It is difficult to draw the line at temperate drinking. At social gatherings this line is crossed, else the drinkers would not be convivial. People who drink lightly now and then or who regularly take a limited allowance, may not become actual and habitual drunkards. From life to life the tendency is to increase the sensations which alcohol produces. In time, as the liking of the doer for drink becomes stronger, the entity that works through alcohol, as the enemy of every human, may claim the doer. In the following life the breath-form bears the mark of this spirit. This spirit breaks down physical health and moral restraint, opens the barriers between the four states of physical matter and lets in the play of emotional currents and elemental beings. If not overcome the bondage becomes ever more pronounced, until in some life what was once a temperate drinker may be a periodic or habitual drunkard. At some time the doer must conquer or be conquered. If the doer loses, the human is lost and cut off from the Light of the Intelligence. The history of doers, if it were ever written, would show that more doers have failed through the spirit of alcohol than bodies were ever slain in all the battles of the world.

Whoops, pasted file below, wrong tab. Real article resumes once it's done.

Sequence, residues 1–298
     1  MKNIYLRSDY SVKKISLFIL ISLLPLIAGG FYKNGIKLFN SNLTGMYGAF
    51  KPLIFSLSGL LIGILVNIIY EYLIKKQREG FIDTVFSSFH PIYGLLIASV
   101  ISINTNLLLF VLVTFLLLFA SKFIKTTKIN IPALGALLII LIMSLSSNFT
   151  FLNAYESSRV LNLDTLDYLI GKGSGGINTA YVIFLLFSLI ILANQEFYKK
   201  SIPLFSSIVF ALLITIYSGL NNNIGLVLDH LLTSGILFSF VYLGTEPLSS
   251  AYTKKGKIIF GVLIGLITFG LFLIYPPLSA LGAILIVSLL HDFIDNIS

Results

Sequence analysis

Thinking and Destiny, HW Percival
The Word Foundation: Writings of Harold Percival
Rate this post positively Reply With Quote Quick reply to this message
 
Old 02-22-2013, 05:23 AM
 
Location: S. Wales.
49,759 posts, read 17,244,000 times
Reputation: 5815
Quote:
Originally Posted by KC_Sleuth View Post